Book Image

Learning Android Forensics

By : Rohit Tamma, Donnie Tindall
Book Image

Learning Android Forensics

By: Rohit Tamma, Donnie Tindall

Overview of this book

Table of Contents (15 chapters)
Learning Android Forensics
Credits
About the Authors
About the Reviewers
www.PacktPub.com
Preface
Index

Chapter 1. Introducing Android Forensics

Mobile forensics is a branch of digital forensics which is evolving in today's digital era. Android forensics deals with extracting, recovering and analyzing the data present on an Android device through various techniques. However, it is important to have a clear understanding of the platform and other fundamentals before we dive in and find out how to extract data. In this chapter, we will cover the following topics:

  • Mobile forensics

  • Mobile forensics approach

  • Android architecture

  • Android security

  • Android hardware components

  • Android boot process

The world today is experiencing technological innovation like never before. This growth is almost exponential in the field of mobile devices. Gartner, a technology research and advisory firm, in their forecasts published in June 2014, predicted that mobile phone shipments are soon set to break 2.4 billion units. This statistic alone reflects the unprecedented growth of mobile devices. Mobile phones have not only increased in number but also have become more sophisticated in terms of functionality.

The following screenshot referenced from http://en.wikipedia.org/wiki/File:Mobile_phone_subscribers_1997-2014_ITU.svg shows the increase in graph of mobile phone subscribers per 100 inhabitants from 1997 to 2014:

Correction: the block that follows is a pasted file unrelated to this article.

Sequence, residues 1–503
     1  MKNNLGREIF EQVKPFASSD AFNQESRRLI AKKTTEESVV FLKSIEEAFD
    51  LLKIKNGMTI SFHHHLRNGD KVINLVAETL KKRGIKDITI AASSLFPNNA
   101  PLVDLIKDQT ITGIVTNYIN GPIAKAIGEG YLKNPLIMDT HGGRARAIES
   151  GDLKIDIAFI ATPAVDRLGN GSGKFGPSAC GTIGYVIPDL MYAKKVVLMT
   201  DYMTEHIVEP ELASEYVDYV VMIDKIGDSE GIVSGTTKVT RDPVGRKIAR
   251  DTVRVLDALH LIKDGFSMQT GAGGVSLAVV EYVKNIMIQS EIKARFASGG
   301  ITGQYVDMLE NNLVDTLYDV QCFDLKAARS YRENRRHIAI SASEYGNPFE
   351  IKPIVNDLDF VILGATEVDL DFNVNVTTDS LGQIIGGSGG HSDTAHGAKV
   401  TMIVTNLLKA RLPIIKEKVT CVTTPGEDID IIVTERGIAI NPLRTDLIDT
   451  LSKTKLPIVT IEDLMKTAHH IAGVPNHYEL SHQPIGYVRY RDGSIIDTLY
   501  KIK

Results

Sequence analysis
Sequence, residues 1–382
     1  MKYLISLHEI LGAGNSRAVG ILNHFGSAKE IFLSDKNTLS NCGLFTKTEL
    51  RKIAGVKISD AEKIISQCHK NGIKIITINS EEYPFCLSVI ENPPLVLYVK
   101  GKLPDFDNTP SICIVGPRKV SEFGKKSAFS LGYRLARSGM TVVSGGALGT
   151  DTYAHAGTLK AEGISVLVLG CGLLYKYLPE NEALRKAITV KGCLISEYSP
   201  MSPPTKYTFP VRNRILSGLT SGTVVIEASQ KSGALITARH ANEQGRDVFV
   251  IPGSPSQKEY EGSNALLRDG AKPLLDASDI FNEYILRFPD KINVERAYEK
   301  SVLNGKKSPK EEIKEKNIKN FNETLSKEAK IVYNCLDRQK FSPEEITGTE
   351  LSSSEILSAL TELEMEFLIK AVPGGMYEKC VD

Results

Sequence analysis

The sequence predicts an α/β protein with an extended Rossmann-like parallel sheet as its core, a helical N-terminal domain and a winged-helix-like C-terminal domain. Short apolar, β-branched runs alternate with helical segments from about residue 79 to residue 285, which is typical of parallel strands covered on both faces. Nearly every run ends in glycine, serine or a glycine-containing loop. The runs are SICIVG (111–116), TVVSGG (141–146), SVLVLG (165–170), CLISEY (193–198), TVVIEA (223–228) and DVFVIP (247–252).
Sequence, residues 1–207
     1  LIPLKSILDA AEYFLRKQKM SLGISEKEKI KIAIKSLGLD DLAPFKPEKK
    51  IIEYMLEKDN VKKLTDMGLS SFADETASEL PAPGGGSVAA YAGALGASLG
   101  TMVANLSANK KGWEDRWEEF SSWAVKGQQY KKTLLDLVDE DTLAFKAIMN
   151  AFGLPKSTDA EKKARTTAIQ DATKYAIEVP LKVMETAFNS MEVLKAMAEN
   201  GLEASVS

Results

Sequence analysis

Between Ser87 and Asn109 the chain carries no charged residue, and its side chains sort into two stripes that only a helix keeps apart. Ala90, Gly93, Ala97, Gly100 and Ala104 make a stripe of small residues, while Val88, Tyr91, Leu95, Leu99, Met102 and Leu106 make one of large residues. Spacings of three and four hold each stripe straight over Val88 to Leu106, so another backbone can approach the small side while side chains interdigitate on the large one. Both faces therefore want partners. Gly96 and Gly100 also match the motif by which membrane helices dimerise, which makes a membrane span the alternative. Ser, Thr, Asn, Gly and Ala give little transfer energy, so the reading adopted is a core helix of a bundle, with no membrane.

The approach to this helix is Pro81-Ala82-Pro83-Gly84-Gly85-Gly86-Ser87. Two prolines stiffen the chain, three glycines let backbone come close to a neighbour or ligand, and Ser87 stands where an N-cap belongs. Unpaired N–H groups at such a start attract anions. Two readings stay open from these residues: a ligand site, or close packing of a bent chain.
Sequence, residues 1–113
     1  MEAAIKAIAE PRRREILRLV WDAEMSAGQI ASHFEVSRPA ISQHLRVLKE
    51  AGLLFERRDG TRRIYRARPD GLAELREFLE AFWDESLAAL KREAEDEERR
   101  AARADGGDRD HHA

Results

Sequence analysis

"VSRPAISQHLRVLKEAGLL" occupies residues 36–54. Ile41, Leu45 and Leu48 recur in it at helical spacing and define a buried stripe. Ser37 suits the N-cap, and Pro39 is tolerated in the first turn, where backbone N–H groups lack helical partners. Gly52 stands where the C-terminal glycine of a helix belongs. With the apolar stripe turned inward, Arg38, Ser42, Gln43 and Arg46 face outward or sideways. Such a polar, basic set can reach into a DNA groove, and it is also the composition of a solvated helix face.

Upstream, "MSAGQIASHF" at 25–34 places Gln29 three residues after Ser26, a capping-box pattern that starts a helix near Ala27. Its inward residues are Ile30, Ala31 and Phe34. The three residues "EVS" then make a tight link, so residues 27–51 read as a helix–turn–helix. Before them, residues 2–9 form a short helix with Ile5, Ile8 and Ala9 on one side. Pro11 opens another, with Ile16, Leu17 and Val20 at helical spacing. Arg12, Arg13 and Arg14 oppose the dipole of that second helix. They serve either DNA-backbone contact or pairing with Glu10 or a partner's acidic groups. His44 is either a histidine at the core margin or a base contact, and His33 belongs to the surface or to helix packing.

Mobile phone subscribers per 100 inhabitants from 1997-2014

Within mobile phones, smart phones are very much becoming the norm. Improvements in the computing power and data storage of these devices enable us to perform a wide range of activities. We are increasingly becoming dependent on these mobile devices for most of our activities. Apart from performing routine tasks such as making calls, sending messages, and so on, these devices also support other activities such as sending e-mails, surfing the Internet, recording videos, creating and storing documents, identifying locations with Global Positioning System (GPS) services, managing business tasks, and much more. In other words, mobile devices are now a repository of sensitive personal information, containing a wealth of user data. Quite often, the data sitting on a device is more valuable than the device itself. For instance, calls made from a device could be valuable information for law enforcement agencies. The fact that mobile forensics played a crucial role in solving high-profile cases, such as the 2010 Times Square car bombing attempt and the Boston marathon bombings, reaffirms the increasing role of mobile forensics in many government and law enforcement cases.